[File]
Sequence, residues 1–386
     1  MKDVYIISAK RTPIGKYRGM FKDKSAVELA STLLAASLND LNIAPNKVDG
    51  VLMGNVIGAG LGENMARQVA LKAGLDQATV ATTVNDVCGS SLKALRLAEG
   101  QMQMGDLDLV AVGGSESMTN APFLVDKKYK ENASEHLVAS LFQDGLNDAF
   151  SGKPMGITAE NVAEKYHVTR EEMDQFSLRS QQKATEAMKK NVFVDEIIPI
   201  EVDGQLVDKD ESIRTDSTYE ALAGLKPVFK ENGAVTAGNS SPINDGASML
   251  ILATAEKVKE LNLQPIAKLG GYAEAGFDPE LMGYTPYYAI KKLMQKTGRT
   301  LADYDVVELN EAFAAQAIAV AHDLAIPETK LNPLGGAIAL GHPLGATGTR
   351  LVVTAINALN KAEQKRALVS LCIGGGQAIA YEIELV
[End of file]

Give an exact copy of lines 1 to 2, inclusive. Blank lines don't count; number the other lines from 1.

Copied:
Sequence, residues 1–386
     1  MKDVYIISAK RTPIGKYRGM FKDKSAVELA STLLAASLND LNIAPNKVDG